If you don’t have patience but have deep pockets, you will probably end up going down a different road. Rather than buying a startup here and there to add to a core strategy, you’ll be buying the whole strategy. That’s what Dell did when they bought Force10. If the rumors are true, that’s what EMC is looking to do soon.

    Buying a company to provide your strategy has benefits. You can immediately compete. You don’t have to figure out synergies. Just sell those products and keep moving forward. You may not be the most agile company on the market but you will get the job done.

    The issue with buying the strategy is most often “brain drain”. We see brain drain with a small startup going to a mid-sized company. Startup founders aren’t usually geared to stay in a corporate structure for long. They vest their interest and cash out. Losing a founder or key engineer on a product line is tough, but can be overcome with a good team.

    What happens when the whole team walks out the door? If the larger acquiring company mistreats the acquired assets or influences creativity in a negative way, you can quickly find your best and brightest teams heading for green pastures. You have to make sure those people are taken care of and have their needs met. Otherwise your new product strategy will crumble before you know it.


    Tom’s Take

    The Nokia/Alcatel deal isn’t the last time we’ll hear about mergers of networking companies. But I don’t think it’s because of missed market transitions or shifting strategies. It comes down to companies with one or two products wanting protection from external factors. There is strength in numbers. And those numbers will also allow development of new synergies, just like horses in a stable learning from the other horses. If you’re a rich company with an interest in racing, you aren’t going to assemble a stable piece by piece. You’ll buy your way into an established stable. In the end, all the horses end up in a stable owned by someone. Just make sure your horse is the right one to bet on.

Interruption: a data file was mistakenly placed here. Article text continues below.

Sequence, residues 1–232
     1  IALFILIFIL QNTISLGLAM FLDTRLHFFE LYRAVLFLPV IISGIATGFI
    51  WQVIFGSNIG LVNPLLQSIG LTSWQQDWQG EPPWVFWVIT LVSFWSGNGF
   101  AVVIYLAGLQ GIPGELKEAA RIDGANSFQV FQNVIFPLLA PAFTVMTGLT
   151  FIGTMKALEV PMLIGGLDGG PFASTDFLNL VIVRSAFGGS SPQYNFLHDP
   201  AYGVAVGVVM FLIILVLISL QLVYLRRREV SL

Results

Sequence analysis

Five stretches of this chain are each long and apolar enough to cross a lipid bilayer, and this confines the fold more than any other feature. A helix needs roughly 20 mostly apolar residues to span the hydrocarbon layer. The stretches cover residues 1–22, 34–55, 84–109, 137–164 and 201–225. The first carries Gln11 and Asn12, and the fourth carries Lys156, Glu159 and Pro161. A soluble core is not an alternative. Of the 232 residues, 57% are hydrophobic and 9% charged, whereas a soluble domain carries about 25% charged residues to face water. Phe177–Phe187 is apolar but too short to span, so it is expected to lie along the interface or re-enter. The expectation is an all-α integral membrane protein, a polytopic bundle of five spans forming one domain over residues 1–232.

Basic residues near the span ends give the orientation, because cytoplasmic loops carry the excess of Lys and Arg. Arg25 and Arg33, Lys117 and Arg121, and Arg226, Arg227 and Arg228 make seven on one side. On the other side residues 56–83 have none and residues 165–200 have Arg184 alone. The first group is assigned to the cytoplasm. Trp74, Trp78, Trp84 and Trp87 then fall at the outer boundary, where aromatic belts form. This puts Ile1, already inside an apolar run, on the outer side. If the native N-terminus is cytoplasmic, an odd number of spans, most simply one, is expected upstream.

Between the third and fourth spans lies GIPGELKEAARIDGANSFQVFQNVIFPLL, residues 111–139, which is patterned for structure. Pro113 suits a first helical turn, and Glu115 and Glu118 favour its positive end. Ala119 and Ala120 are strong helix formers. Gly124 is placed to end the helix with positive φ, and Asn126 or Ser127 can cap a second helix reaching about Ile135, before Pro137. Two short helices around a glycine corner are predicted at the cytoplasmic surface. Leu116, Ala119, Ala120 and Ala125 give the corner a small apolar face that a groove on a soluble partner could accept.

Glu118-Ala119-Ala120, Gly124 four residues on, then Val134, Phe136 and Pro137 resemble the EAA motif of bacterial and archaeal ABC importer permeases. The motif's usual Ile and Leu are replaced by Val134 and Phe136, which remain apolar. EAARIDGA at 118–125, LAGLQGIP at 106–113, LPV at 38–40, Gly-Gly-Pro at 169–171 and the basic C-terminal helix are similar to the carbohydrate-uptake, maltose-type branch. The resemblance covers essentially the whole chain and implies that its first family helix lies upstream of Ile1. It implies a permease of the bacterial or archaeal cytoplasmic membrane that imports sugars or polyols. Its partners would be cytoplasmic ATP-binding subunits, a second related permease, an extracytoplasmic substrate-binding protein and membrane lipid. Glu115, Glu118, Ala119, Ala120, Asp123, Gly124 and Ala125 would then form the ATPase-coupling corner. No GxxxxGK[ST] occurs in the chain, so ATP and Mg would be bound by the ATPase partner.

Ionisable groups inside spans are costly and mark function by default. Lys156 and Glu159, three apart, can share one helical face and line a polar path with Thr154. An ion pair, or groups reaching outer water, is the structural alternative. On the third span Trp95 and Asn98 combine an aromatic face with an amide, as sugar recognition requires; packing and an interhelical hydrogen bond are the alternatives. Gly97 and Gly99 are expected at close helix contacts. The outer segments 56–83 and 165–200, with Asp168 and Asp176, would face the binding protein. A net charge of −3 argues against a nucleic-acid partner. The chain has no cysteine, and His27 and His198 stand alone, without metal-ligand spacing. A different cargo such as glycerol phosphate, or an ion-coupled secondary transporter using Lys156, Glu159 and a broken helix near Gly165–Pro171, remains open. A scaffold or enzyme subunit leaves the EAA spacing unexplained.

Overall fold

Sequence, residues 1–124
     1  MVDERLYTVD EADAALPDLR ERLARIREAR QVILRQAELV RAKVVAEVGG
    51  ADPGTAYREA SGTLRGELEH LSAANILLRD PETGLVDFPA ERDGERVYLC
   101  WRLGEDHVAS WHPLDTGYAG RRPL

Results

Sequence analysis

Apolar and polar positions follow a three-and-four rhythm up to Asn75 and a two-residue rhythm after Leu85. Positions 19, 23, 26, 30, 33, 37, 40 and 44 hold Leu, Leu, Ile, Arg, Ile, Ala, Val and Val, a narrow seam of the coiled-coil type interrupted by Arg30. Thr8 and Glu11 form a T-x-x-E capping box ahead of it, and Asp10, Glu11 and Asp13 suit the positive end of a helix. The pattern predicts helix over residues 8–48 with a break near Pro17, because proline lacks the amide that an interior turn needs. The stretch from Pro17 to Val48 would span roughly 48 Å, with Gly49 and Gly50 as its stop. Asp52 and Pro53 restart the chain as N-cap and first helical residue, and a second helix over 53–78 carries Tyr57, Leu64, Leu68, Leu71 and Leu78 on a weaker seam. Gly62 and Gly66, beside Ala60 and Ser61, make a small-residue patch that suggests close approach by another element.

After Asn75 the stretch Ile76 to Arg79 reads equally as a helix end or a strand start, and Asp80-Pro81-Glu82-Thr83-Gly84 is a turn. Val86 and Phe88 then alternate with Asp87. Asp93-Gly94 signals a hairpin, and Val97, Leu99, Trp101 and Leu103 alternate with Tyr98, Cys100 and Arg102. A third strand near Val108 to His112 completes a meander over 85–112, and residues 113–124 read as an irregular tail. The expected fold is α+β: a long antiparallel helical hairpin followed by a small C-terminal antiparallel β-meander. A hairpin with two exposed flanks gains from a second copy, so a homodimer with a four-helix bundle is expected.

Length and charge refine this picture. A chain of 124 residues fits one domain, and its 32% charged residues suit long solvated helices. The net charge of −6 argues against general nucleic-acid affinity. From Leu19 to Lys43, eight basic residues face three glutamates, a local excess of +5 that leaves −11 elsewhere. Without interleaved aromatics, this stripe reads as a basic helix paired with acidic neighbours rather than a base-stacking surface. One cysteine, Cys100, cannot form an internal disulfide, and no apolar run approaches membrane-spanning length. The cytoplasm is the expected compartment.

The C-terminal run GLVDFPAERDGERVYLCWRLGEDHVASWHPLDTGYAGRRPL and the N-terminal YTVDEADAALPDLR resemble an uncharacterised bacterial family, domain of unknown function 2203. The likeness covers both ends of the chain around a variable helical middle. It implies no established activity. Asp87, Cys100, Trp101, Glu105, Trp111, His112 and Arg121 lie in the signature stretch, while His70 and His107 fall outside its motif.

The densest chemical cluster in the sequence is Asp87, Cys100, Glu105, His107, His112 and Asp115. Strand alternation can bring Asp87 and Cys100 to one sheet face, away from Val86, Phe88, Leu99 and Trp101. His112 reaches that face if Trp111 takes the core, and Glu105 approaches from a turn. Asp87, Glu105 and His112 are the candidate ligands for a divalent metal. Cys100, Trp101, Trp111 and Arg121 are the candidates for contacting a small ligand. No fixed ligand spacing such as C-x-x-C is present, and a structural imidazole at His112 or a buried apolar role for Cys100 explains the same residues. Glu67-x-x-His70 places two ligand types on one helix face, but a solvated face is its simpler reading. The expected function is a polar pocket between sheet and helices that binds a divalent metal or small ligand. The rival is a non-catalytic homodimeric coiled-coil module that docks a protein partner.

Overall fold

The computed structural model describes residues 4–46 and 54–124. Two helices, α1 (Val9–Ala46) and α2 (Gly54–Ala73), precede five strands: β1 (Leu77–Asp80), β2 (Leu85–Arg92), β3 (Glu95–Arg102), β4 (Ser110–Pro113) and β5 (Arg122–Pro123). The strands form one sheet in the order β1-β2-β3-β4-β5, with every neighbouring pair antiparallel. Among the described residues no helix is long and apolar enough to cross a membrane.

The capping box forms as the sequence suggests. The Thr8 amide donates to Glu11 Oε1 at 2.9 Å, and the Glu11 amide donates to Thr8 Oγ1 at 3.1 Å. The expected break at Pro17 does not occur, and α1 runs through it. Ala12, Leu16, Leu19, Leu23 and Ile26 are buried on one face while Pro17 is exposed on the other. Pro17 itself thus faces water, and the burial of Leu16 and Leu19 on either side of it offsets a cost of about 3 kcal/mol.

by networkingnerd at April 21, 2015 03:08 PM

    Peter's CCIE Musings and Rants

    Cisco Mediasense (Cheap and cheerful Call recording)

    Hi Guys!

    Edit: I have found a great free enhancement for Cisco Mediasense http://www.aurus5.com/phoneup/record/mediasense.php that allows you to easily search and categorize records. I haven't personally checked it out yet but it looks interesting.

    I recently had to install Cisco MediaSense to configure another feature, Cisco Mediasense from everything I can tell is essentially a fairly rudimentary call recording solution. Cisco talk a lot about it's open API, network-based etc. etc. but for me it's really just a great way to get cheap recording.

    To deploy it, first all you need to do is obtain the ISO and install it as a virtual machine just like any other Voice application.

    It is licensed per concurrent recording, from what I could say the price per user hovers between $20 to $40 bucks, so for an organization with a T1 and a small call center it's pretty cost effective, around $400 to $500 bucks (maybe a little more once maintenance is added) to record up to 24 sessions at a time.

    There is another part number available for it:  MCP-10X-AUD-10PACK which includes 10 concurrent ports.

    The configuration of media sense itself is extremely straightforward, when you first login to the mediasense server it will prompt you to configure a username/password for connectivity to AXL on CUCM.

    Note: this SHOULD NOT and infact CANNOT be your usual admin user, resist the temptation to just slack off and use your admin account and instead create a new AXL user for this, they will also require CM administration privileges.


    Once this is done MediaSense is essentially configured! Their is very little you can configure except for selecting which users can utilize the 'Search and play' functionality.

    You do this by navigating to Administration - Mediasense API user Configuration



    The fact that they call this section Mediasense API user, along with the very limited functionality available to the user makes Cisco's insistence that this is simply a device for COLLECTING the media, not for organizing/searching through it even more obvious.

    The GUI that is available to search through recordings can be found on at the following URL:

    https://:8440/mediasense/
     

    You can login with the user you defined as a mediasense API user previously.


    The GUI is pretty limited as you can see and you can see in terms of searching and organizing, but you can export the recordings, save them and even perform a live monitor by clicking on "Active Calls"

    For CUCM configuration the first step is to configure a SIP trunk pointing to the IP address of the Mediasense server, this is straightforward so the steps for this are not outlined below.